Variation in aeolian environments recorded by the particle size distribution of lacustrine sediments in Ebinur Lake, northwest China.

Ma L, Wu J, Abuduwaili J - Springerplus (2016)

a The Arctic Oscillation index (Li and Wang, 2003) with five-running average. b The relative humidity in Jinghe with five-running average. c Aeolian environmental variation in Ebinur Lake inferred from the C2 contents
© Copyright Policy - OpenAccess
Related In: Results  -  Collection

License
Show All Figures
getmorefigures.php?uid=PMC4837753&req=5

Fig6: a The Arctic Oscillation index (Li and Wang, 2003) with five-running average. b The relative humidity in Jinghe with five-running average. c Aeolian environmental variation in Ebinur Lake inferred from the C2 contents
Mentions: From ca. 1910 to the 1930s, regional climate was generally dry inferred from organic matter and its stable isotope (13C) in the lacustrine records of Chaiwopu Lake (Ma et al. 2013), the record of Palmer Drought Severity Index (PDSI) in the central Tianshan Mountain area (Li et al. 2006), and the tree-ring data in northern China (Liang et al. 2006). From 1950s, Modern weather station records can provide us the instrumental data. To analyze the modern humidity changes in the Ebinur drainage area, relative humidity records from the Jinghe Meteorological Station in this region (China Meteorological Data Sharing Service System, http://data.cma.cn; Fig. 6). Due to the differences in time resolution between the data of relative humidity and C2 contents, the average data were recalculated with 5-year intervals. The contents of C2 reflected the intensity of aeolian transport are negatively correlated with data of the regional humidity in Jinghe with 5-year time resolution (r = −0.613, p < 0.05). That dry climate provided abundant material basis for aeolian dust transports.Fig. 6

Bottom Line: Compared with the grain-size distributions of natural dust samples, the results showed that the coarser particle size fraction of lake sediments was mainly derived from the sediments that had experienced aeolian transport to the drainage surface, and the finer sediments came from hydraulic inputs.During the last 150 years, strong intensity aeolian transportation occurred during three periods, 1915-1935, 1965-1975 and since the beginning of the 2000s.Since 1950s, the climate controlled the foundation of aeolian dust transport, and the aeolian dust transport won't be increased under the humid climate.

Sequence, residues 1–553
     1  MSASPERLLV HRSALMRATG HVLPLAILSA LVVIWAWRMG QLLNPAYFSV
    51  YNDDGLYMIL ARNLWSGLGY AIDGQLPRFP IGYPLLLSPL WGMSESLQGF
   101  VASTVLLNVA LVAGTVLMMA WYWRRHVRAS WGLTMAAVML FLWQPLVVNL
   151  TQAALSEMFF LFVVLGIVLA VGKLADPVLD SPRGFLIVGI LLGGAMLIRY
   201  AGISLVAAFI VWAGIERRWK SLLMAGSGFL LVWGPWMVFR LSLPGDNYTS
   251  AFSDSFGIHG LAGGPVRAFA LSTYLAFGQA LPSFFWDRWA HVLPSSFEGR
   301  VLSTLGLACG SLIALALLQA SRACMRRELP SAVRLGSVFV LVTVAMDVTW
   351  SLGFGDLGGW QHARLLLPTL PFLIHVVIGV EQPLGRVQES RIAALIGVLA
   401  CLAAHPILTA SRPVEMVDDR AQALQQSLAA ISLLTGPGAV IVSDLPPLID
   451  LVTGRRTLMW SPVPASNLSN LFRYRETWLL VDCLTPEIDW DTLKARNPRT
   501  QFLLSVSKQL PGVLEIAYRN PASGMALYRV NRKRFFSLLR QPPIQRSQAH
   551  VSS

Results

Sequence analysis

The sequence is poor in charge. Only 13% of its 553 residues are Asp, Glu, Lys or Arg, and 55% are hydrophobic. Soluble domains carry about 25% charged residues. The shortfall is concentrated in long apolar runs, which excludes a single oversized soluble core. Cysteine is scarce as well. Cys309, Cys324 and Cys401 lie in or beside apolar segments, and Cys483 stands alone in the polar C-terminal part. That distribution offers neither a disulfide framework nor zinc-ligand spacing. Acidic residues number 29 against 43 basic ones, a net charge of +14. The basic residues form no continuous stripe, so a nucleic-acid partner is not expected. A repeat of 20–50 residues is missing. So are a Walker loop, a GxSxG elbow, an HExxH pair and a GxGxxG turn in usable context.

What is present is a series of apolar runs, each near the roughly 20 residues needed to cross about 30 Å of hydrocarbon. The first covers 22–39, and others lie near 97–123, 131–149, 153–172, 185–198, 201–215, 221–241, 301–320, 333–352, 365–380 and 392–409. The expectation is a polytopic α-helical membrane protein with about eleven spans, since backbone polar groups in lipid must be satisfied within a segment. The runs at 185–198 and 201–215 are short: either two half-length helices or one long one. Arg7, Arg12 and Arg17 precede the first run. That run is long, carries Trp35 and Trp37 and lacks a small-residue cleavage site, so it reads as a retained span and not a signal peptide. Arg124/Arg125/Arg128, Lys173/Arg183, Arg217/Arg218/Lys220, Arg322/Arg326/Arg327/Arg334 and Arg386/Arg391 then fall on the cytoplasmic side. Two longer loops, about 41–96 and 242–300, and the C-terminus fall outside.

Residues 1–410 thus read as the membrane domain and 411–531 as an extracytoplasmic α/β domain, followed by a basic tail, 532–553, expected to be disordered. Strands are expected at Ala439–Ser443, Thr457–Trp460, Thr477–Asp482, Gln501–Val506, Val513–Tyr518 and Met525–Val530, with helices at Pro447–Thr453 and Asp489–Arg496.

View Article: PubMed Central - PubMed

Affiliation: State Key Laboratory of Desert and Oasis Ecology, Xinjiang Institute of Ecology and Geography, Chinese Academy of Sciences, Urumqi, 830011 China.

ABSTRACT
Particle size analysis of lacustrine core sediments and atmospheric natural dust were conducted in the drainage area of Ebinur Lake in arid northwest China. Using a combination of (137)Cs and (210)Pb dating, a continuous record of aeolian transportation to the lake sediments and related factors over about the past 150 years was analyzed. Factor analysis revealed the particle-size distributions of riverine and aeolian sediments composed of the terrigenous materials of the lake deposits. Compared with the grain-size distributions of natural dust samples, the results showed that the coarser particle size fraction of lake sediments was mainly derived from the sediments that had experienced aeolian transport to the drainage surface, and the finer sediments came from hydraulic inputs. Then, the method of variations in particle-size standard deviation was used to extract the grain size intervals with the highest variability along a sedimentary sequence. The coarser grain-size populations dominated the variation patterns of the sedimentary sequence. During the last 150 years, strong intensity aeolian transportation occurred during three periods, 1915-1935, 1965-1975 and since the beginning of the 2000s. The climate was dry around 1910s-1930s in this region associated with the appropriate dynamic condition, which provided the enhanced source materials and wind power for the aeolian dust transport. Since 1950s, the climate controlled the foundation of aeolian dust transport, and the aeolian dust transport won't be increased under the humid climate.

No MeSH data available.


Related in: MedlinePlus